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During 1998 we addressed 2 questions with our garden. First, how well does growing through a tarp work? Second, can you grow potatoes using no-till?


Does growing through a tarp improve productivity? This trial comes in 2 parts; first with black tarp (visqueen {defined}) and second with a clear tarp. The idea being that the tarps would help warm the soil and speed plant growth. I would like to point out that these trials are qualitative, rather than quantitative, designed to give us an idea whether they are worth pursuing with our limited manpower.

The dark tarp actually cooled the soil. This produced a marked variation in weed growth, with the tarped area sprouting weeds a week sooner than the adjacent untarped area. As soon as this was evident we discontinued the test.

The clear tarp markedly increased germination and growth rate. We had a 6m by 7 m (19 foot by 24 foot) spot of potatoes planted under a clear tarp. Some of the area was planted before the tarp was spread, and some after (the part that was planted after tarp was spread was done by cutting holes in the tarp). After germination holes were cut in the tarp for the plants to grow through.

Results were impressive. Growth was about 20% faster than normal, weeds were almost completely controlled (the only place weeds grew was through the holes the potatoes were growing through) and yield was well above normal. In addition the tarped area needed slightly less water than untarped areas, especially during the critical early month (when rainfall in Fairbanks is practically non-existant).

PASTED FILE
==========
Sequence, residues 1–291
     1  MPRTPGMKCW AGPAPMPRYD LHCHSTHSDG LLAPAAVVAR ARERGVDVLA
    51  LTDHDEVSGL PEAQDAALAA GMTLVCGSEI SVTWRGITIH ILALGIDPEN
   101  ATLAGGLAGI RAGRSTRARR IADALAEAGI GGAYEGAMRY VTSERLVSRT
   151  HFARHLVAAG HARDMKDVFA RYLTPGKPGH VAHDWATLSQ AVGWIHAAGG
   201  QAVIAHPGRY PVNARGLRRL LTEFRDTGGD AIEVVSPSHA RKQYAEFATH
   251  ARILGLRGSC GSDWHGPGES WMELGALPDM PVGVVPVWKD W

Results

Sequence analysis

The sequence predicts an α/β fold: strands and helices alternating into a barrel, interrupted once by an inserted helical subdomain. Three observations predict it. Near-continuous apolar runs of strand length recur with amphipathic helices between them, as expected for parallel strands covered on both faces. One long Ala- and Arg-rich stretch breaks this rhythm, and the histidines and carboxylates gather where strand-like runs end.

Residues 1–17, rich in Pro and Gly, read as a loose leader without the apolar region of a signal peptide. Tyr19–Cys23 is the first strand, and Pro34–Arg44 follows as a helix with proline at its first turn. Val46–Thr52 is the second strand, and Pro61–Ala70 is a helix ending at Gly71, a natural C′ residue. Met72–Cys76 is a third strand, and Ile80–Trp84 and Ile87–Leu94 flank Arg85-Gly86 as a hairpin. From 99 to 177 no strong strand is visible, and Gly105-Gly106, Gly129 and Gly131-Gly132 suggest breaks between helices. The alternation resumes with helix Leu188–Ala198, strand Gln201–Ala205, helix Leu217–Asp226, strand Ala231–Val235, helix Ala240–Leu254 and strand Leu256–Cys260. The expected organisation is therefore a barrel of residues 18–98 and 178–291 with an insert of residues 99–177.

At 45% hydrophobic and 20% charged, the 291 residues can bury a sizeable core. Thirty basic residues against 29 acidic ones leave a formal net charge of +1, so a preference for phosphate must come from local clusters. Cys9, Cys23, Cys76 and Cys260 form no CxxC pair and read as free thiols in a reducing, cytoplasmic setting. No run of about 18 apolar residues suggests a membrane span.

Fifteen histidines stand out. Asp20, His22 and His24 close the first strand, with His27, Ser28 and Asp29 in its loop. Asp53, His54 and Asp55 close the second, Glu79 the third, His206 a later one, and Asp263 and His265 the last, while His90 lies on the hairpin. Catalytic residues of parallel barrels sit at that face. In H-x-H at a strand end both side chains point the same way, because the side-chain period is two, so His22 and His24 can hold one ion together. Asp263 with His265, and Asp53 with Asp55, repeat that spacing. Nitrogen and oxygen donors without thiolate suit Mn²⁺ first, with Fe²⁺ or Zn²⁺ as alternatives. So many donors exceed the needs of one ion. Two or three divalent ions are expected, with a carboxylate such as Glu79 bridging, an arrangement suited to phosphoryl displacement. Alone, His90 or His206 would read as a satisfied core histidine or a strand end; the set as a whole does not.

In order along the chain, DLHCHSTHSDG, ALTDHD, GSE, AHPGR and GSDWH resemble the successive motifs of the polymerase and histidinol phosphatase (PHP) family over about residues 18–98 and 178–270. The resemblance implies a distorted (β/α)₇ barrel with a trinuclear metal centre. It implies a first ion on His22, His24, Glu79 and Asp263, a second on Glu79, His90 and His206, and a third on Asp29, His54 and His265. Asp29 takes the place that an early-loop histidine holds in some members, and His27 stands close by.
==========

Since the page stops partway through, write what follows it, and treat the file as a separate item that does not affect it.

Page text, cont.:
Two problems were encountered.

  1. Lack of water on the top rows. This was caused by the tarp preventing water from getting to the plants. The lower parts (downhill; the plot slopes about 5 degrees) of the tarp received enough water through the holes. This problem would be overcome by creating small ridges in the soil before the tarp was spread, trapping the water closer to where it fell (or was applied).
  2. The rapid growth exceeded the ability of our organic soil to release nutrients. This did not prove to be a problem this time, for the crop was nearly ready to harvest before symptoms of deficiency (yellowing of older leaves, indicating nitrogen deficiency) appeared. A manure tea would offset this problem.

Tarping is an excellent way to boost yield and growth rate. This may not prove applicable in our CELSS {defined} projects, for we will attempt to maintain a more ideal soil temperature.



We had a few seed potatoes left over when we were done planting, so we decided to see if they would grow in an area that hadn't been tilled since the previous year. Potatoes definitely do not grow well (yield was down about 75%) unless you till.

We still believe that growing wheat using no-till will be a good way to go. Experiments have not yet been done to prove this though, so we will be doing this kind of experiment once we have an operational CELSS.

Copyright © Spring 1999